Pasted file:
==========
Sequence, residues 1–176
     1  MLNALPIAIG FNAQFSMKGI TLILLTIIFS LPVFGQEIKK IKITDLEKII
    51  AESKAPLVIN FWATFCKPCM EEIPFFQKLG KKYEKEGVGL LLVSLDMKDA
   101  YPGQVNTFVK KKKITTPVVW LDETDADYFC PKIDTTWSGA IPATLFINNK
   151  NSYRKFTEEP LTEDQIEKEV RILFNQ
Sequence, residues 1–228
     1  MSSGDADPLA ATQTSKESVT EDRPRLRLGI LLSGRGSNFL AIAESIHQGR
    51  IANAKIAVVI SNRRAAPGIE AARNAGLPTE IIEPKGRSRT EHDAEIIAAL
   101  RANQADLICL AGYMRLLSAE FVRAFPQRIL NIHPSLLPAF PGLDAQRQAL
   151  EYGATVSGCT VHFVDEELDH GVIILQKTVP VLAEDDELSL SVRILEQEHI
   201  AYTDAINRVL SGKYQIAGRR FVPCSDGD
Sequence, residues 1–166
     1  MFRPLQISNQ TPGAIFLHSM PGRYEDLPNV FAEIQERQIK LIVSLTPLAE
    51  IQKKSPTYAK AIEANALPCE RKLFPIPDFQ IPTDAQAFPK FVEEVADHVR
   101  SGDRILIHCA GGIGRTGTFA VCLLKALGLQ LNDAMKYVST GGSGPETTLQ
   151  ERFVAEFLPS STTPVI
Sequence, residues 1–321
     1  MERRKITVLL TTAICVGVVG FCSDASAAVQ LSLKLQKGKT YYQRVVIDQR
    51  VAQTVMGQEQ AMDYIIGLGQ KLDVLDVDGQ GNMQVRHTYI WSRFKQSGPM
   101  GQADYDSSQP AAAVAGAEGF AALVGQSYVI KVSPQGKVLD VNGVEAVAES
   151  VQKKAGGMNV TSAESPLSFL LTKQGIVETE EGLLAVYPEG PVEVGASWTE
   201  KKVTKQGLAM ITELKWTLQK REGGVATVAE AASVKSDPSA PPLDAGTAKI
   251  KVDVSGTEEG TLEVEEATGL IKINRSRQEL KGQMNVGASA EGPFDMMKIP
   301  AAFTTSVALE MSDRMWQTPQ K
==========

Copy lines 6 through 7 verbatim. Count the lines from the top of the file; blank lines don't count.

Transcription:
Sequence, residues 1–228
     1  MSSGDADPLA ATQTSKESVT EDRPRLRLGI LLSGRGSNFL AIAESIHQGR